On view, Fertile Ground consists of full size taxidermy peacock, encrusted with glass succulent cacti that appear to be growing from bird’s feathers. Here both flora and fauna are shells of what the living entities once were. The bird acts as a pedestal for its excessive adornment, which in turn explores the relationship of what is real, and what is mimicry.  With Distilled Portrait (shown left) the interior of a solid, cast crystal distillery jar contains the negative space of a magpie sitting on a pomegranate. Gilded with silver nitrate, the residual detail is transformed into a three-dimensional mirror reminiscent of cast metal. A taxidermy magpie sits on top of the jar peering intently at what seems to be its reflection within. Believed to be one of the most intelligent of all birds, the magpie is one of the few species known to be able to recognize itself in a mirror.

Todd Merrill Studio has represented New York artist ERIN SULLIVAN since 2013. Sullivan works primarily in bronze to create unique, material-driven studio pieces inspired by landscape and organic, undomesticated life forms. The concepts of time and memory initially attracted Sullivan to bronze as a medium. The material’s ability to survive several millennium brings poetic potency to Sullivan’s process.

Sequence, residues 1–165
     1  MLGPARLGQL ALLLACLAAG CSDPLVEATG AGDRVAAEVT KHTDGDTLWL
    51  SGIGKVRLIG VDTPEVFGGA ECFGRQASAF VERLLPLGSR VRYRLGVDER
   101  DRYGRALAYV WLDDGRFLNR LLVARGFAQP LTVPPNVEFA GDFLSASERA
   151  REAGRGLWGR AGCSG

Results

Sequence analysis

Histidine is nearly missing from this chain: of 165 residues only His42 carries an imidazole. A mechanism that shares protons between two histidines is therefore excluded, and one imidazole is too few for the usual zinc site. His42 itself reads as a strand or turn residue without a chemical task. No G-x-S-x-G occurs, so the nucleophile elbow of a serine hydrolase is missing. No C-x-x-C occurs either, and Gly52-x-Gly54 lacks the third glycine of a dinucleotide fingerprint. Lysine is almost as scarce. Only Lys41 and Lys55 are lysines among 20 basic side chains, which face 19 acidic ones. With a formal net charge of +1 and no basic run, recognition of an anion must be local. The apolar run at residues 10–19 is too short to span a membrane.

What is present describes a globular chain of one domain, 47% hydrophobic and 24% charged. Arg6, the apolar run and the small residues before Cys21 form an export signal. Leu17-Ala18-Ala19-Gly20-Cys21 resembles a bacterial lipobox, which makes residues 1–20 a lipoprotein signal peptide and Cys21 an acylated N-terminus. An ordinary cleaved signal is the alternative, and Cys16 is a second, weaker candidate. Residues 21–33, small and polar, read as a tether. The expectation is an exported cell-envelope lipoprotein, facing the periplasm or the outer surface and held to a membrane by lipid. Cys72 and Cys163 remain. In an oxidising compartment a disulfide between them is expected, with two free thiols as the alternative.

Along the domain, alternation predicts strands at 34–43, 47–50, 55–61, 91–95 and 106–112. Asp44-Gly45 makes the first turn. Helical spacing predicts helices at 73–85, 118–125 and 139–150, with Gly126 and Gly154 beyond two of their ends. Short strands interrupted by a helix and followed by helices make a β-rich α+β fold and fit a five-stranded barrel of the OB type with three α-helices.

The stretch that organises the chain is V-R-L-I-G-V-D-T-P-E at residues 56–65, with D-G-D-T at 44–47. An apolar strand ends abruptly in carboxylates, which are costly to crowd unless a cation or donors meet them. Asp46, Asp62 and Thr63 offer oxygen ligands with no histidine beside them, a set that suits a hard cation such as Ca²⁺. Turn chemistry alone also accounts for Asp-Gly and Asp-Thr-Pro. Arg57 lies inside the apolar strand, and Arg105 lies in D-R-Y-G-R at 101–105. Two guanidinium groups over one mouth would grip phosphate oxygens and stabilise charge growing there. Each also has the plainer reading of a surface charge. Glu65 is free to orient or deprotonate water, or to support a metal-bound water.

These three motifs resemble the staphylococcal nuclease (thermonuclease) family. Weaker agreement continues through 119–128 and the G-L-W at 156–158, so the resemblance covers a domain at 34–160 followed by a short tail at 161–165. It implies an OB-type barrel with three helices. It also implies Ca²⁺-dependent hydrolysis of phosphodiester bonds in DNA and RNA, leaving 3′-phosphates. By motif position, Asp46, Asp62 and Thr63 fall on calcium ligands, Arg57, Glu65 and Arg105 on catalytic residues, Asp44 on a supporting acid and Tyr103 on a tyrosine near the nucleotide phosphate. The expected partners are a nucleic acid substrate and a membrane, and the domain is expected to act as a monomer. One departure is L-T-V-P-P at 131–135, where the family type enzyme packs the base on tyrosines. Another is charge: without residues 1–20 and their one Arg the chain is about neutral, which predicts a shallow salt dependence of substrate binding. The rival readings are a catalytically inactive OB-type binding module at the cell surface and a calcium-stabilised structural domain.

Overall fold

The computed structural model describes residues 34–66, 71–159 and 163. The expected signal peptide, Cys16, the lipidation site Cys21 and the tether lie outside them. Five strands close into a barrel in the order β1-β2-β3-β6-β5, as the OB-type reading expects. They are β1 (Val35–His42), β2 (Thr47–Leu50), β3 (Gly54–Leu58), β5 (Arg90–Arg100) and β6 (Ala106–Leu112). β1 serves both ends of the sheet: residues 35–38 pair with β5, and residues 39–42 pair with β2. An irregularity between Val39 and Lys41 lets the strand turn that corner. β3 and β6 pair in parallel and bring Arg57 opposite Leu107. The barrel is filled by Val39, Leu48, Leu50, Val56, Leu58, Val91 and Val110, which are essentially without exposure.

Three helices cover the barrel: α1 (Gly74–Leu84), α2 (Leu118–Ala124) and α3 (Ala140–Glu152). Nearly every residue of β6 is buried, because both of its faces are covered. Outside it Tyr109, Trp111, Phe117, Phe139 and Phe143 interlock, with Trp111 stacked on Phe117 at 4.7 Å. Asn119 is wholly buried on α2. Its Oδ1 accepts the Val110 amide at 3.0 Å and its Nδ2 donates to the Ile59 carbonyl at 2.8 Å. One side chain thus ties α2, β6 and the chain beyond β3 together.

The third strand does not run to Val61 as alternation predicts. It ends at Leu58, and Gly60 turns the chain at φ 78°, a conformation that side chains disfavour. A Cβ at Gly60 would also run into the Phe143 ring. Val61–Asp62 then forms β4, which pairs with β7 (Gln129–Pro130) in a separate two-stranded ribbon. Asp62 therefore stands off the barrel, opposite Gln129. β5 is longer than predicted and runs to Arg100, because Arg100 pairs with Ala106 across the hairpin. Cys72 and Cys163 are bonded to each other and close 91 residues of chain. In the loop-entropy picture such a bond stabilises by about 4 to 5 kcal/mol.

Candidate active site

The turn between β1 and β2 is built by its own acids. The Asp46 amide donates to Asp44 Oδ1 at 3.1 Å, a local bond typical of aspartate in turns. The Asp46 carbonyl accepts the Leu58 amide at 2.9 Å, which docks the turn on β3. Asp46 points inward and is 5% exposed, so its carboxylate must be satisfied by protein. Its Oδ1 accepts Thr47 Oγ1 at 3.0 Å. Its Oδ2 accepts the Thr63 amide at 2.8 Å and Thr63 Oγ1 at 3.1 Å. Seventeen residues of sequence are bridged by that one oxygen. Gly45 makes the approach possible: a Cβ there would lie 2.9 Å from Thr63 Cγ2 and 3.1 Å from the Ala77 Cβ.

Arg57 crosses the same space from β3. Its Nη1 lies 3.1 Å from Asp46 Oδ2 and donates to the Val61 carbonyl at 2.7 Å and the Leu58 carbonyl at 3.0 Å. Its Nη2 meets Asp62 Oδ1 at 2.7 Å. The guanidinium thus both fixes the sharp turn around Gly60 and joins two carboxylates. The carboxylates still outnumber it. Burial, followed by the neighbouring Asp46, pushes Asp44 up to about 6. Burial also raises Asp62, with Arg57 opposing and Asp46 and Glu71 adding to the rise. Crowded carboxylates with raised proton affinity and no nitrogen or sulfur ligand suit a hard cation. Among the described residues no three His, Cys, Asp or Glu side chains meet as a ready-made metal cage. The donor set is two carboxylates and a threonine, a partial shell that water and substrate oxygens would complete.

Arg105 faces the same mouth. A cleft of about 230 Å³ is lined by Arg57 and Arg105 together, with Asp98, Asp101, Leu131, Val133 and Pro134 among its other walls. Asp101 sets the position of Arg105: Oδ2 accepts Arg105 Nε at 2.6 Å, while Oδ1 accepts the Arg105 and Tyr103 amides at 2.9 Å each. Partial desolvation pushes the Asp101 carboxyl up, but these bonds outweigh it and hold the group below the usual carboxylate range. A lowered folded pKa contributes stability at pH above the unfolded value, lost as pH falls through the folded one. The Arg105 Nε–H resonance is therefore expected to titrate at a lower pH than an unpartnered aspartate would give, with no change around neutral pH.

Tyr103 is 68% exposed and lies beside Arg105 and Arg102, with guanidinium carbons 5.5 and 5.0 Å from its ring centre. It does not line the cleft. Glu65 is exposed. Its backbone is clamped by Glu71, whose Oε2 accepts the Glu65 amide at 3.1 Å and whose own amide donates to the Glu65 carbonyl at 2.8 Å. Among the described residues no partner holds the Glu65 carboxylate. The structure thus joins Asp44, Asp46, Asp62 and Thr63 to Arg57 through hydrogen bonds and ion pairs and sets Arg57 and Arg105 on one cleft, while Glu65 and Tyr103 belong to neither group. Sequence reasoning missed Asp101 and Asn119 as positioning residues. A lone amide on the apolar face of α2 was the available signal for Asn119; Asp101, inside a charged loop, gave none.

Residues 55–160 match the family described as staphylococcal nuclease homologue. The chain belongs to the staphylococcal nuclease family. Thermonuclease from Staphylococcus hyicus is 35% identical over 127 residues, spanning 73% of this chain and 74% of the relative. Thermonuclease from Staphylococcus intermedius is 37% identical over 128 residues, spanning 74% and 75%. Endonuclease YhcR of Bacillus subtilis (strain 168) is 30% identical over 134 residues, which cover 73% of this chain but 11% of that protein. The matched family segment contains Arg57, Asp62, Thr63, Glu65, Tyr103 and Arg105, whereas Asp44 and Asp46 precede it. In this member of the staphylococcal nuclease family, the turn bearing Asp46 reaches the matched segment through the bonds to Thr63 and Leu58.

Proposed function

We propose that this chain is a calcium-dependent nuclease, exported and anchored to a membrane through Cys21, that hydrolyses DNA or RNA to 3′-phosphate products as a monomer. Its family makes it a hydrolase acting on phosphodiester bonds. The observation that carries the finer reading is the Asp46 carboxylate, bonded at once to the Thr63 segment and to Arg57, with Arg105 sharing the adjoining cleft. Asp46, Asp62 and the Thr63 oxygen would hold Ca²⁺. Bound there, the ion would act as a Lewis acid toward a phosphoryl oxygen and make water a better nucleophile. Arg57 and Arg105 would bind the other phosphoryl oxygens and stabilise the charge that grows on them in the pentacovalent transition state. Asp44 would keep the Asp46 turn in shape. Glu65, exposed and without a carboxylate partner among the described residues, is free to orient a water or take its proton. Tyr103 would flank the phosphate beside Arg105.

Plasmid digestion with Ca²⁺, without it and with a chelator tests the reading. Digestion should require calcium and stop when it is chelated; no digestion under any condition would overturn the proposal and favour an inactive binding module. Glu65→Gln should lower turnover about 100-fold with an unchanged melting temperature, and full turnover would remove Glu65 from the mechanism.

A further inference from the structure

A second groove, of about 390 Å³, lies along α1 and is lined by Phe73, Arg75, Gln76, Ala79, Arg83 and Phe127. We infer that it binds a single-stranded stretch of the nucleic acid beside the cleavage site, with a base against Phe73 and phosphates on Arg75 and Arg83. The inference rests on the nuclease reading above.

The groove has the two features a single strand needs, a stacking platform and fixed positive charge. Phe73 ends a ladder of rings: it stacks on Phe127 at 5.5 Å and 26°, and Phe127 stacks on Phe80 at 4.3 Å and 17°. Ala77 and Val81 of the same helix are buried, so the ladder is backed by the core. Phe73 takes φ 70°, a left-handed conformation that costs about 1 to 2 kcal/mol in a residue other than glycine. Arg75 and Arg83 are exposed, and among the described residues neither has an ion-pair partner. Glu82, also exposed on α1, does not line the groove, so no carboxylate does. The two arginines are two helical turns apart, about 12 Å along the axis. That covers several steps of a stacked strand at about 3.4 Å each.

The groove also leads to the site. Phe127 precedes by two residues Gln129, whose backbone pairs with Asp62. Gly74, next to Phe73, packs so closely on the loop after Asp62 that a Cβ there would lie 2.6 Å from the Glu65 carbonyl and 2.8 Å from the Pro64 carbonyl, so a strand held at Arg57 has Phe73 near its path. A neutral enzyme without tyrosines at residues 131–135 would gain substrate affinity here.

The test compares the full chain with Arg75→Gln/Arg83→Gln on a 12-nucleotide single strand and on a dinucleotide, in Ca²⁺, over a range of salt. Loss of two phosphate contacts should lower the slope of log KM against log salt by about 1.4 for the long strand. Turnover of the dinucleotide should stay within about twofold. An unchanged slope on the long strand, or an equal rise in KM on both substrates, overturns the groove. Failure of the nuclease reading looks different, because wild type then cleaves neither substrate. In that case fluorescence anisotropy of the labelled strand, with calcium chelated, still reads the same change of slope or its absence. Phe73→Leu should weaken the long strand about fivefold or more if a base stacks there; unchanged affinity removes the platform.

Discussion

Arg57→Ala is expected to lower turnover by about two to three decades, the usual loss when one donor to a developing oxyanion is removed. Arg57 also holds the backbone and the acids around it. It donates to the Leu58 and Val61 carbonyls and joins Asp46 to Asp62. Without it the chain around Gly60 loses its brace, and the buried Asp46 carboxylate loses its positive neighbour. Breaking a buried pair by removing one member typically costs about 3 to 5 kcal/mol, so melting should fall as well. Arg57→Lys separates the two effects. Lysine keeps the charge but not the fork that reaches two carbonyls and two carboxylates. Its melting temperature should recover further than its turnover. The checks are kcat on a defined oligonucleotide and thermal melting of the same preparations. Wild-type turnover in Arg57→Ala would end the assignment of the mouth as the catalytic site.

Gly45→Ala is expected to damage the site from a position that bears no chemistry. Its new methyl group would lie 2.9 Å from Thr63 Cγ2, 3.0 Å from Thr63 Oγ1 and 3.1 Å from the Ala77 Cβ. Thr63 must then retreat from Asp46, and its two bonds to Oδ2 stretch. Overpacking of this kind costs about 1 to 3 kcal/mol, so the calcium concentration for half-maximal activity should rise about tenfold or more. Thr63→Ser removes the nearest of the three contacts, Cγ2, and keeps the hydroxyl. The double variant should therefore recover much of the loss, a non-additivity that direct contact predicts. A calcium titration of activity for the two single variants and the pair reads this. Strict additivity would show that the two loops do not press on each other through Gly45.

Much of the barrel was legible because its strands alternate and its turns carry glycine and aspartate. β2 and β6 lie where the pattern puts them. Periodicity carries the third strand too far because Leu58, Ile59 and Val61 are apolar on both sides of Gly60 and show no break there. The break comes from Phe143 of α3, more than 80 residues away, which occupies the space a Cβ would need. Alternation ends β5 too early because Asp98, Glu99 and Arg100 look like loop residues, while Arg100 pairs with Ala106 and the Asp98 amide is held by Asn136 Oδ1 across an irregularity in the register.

In the Flora and Fauna Series (shown left), Sullivan immortalizes the intricacies and delicacy within the natural world by hand-sculpting each individual component, building layer upon layer to form the work into a wax model. The wax sculpture is then cast in bronze using the lost wax method. At once functional objects and works of art, Sullivan’s pieces are defined by their intricate surfaces and the versatility of their forms.

ALEX ROSKIN’s works blend functional and artistic design.  A natural successor of innovative artists including Richard Serra, Jean Arp, and Constantin Brancusi, Roskin’s Heron Console (shown left) reflects the artist’s modernist and primitive influences. With Heron Console and the Tusk Chair (both shown left), Roskin rejects outright anthropomorphic mimicry in favor of subtle, sculpted muscular forms, sinuous movement and a bit of whimsy.